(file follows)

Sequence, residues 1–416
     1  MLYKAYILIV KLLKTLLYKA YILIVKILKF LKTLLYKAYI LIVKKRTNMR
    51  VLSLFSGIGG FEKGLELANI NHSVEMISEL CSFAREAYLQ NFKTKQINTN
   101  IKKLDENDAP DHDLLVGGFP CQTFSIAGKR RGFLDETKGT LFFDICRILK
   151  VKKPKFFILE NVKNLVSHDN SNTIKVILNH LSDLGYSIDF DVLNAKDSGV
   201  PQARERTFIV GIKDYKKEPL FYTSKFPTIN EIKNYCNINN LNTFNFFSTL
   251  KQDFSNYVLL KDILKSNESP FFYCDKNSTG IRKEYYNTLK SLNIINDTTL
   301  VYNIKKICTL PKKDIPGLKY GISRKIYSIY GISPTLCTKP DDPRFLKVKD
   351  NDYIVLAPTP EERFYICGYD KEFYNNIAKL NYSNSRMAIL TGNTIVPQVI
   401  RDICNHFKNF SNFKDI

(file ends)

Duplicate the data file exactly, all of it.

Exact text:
Sequence, residues 1–416
     1  MLYKAYILIV KLLKTLLYKA YILIVKILKF LKTLLYKAYI LIVKKRTNMR
    51  VLSLFSGIGG FEKGLELANI NHSVEMISEL CSFAREAYLQ NFKTKQINTN
   101  IKKLDENDAP DHDLLVGGFP CQTFSIAGKR RGFLDETKGT LFFDICRILK
   151  VKKPKFFILE NVKNLVSHDN SNTIKVILNH LSDLGYSIDF DVLNAKDSGV
   201  PQARERTFIV GIKDYKKEPL FYTSKFPTIN EIKNYCNINN LNTFNFFSTL
   251  KQDFSNYVLL KDILKSNESP FFYCDKNSTG IRKEYYNTLK SLNIINDTTL
   301  VYNIKKICTL PKKDIPGLKY GISRKIYSIY GISPTLCTKP DDPRFLKVKD
   351  NDYIVLAPTP EERFYICGYD KEFYNNIAKL NYSNSRMAIL TGNTIVPQVI
   401  RDICNHFKNF SNFKDI